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New York City bombing suspect may have cased Chelsea before blast

Rahami investigation latest

The man accused of detonating a bomb in New York on Saturday night may have cased the targeted neighborhood in advance, CBS News has learned.

Wife of suspected NYC bomber arrives in U.S.

Law enforcement sources said Ahmad Khan Rahami may have been casing the Chelsea neighborhood in Manhattan two days before the bombing.

Thirty-one people were injured when the pressure cooker bomb went off in Chelsea. Another bomb that was removed from a piece of luggage and placed on the sidewalk a few blocks away failed to detonate. Rahami was also accused of placing a pipe bomb along a charity racecourse in Seaside Park, New Jersey, that detonated earlier Saturday but injured no one.

N.Y. bombing suspect's notebook suggests Rahami was inspired by terror groups

A U.S. official familiar with the bombing investigation tells CBS News that Rahami is unconscious and intubated. He is unable to travel. As such, he is not in sufficient physical health for presentment to the Court – even at a bedside proceeding.

Investigators were talking to witnesses who said they saw Rahami in the area, but investigators were trying to determine if the witness accounts were accurate.

Also, law enforcement sources confirmed that Rahami’s wife, Asia Bibi Rahami, arrived in the U.S. on Wednesday night. She was cooperating with investigators and providing details about the Rahami family. She is not considered a suspect, CBS News homeland security correspondent Jeff Pegues reports.

Among the information learned by investigators was that Rahami and his wife were in an arranged marriage.

Newly released pages from Rahami’s journal contain an apparent reference to a high-ranking leader with the Islamic State of Iraq and Syria, or ISIS, who was killed last month.

The reference to Abu Muhammad al-Adnani was significant because of what he told his followers before his death. Rahami’s notebook suggests that he was influenced by a variety of terrorist groups, including al Qaeda and ISIS.

The chairman of the House Homeland Security Committee said Wednesday that Rahami was inspired by ISIS.

“It’s clear from this journal that Mr. Rahami was receiving inspiration from the ISIS spokesman, Mr. Adnani,” Rep. Michael McCaul said.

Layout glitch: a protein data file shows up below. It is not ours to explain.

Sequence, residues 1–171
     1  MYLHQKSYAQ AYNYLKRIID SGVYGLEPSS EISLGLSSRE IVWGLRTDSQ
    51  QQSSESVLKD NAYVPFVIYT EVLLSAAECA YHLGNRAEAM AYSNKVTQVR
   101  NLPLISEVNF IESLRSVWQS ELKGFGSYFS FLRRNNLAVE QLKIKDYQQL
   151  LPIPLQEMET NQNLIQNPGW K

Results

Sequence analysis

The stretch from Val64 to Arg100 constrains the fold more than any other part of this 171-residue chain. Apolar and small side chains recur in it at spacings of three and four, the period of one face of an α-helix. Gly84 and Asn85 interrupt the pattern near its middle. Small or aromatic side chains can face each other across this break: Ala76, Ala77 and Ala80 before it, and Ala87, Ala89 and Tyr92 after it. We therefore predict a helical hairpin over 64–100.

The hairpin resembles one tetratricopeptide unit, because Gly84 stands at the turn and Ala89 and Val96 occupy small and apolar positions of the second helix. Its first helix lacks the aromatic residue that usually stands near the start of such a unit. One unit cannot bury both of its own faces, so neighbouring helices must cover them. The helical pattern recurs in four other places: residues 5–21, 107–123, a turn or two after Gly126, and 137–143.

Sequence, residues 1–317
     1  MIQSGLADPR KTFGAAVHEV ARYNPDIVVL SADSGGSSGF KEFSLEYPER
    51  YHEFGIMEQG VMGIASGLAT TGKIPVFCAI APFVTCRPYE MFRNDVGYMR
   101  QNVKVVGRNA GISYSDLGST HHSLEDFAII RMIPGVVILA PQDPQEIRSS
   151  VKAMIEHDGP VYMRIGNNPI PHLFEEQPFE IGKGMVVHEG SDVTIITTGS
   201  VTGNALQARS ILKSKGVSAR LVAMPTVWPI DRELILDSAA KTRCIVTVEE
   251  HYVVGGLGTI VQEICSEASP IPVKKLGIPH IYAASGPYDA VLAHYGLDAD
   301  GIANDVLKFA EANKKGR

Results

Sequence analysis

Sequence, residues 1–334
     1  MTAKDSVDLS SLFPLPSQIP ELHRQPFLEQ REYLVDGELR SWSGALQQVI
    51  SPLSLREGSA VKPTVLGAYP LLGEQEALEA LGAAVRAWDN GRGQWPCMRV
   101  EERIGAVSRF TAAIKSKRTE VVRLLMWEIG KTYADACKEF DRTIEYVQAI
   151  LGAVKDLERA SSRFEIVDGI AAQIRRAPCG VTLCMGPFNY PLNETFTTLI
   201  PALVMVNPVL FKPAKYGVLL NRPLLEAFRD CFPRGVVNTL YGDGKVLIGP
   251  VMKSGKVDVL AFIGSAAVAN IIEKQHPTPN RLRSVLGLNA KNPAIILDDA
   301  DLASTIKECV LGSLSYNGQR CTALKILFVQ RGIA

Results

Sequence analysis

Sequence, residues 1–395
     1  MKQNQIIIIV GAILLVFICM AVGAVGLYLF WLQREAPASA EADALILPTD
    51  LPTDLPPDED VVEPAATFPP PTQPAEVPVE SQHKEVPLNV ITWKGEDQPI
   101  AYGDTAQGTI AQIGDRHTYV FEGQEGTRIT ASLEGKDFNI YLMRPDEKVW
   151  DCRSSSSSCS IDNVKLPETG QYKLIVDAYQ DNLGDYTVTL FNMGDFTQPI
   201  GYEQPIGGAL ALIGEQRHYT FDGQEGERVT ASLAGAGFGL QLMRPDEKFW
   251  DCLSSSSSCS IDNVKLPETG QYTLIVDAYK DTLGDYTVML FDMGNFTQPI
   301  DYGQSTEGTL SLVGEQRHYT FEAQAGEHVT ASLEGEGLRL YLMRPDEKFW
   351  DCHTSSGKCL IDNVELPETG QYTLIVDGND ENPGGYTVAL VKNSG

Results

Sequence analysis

Two years ago, al-Adnani -- ISIS’ second in command -- urged his followers to attack targets in the West. He was killed by a U.S. drone strike in August.

Other developments in the investigation include:

  • Law enforcement sources confirmed that the gun used in the shootout between Rahami and police on Monday was purchased in July in Virginia during the period he was shopping for bomb ingredients on eBay.
  • CBS News has learned that on Sunday night investigators thought they had Rahami under surveillance and were concerned that he was trying to flee in a car. The car was followed and was later stopped. The five people in the car were taken into custody near the Verrazano-Narrows Bridge, and at first investigators thought that Rahami was among them. It turned out to be a false alarm. The people in the car were related to Rahami, but they were later released without charges. Investigators then put out a wanted poster, and he was in custody about four hours later.
  • Multiple federal law enforcement and intelligence sources said that Rahami’s friends and family were telling investigators that they noticed a transformation when he returned from Afghanistan in 2014 regarding his dress and appearance. He had become more religious and started distancing himself from friends and family.
  • A federal law enforcement source said Rahami was distressed about discrimination and financial problems.
  • Authorities were still looking for the bomb factory and have found residue in a location in Perth Amboy, New Jersey.